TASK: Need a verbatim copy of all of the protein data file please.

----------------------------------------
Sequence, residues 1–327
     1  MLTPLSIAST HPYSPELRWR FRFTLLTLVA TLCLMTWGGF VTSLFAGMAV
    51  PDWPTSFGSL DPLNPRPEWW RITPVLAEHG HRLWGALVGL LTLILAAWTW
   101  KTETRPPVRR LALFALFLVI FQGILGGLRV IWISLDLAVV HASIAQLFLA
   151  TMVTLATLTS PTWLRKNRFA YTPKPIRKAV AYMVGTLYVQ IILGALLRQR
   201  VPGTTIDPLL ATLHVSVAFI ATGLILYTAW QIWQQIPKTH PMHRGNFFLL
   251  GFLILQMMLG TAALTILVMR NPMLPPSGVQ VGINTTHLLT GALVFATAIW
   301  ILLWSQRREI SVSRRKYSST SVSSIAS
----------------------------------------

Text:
Sequence, residues 1–327
     1  MLTPLSIAST HPYSPELRWR FRFTLLTLVA TLCLMTWGGF VTSLFAGMAV
    51  PDWPTSFGSL DPLNPRPEWW RITPVLAEHG HRLWGALVGL LTLILAAWTW
   101  KTETRPPVRR LALFALFLVI FQGILGGLRV IWISLDLAVV HASIAQLFLA
   151  TMVTLATLTS PTWLRKNRFA YTPKPIRKAV AYMVGTLYVQ IILGALLRQR
   201  VPGTTIDPLL ATLHVSVAFI ATGLILYTAW QIWQQIPKTH PMHRGNFFLL
   251  GFLILQMMLG TAALTILVMR NPMLPPSGVQ VGINTTHLLT GALVFATAIW
   301  ILLWSQRREI SVSRRKYSST SVSSIAS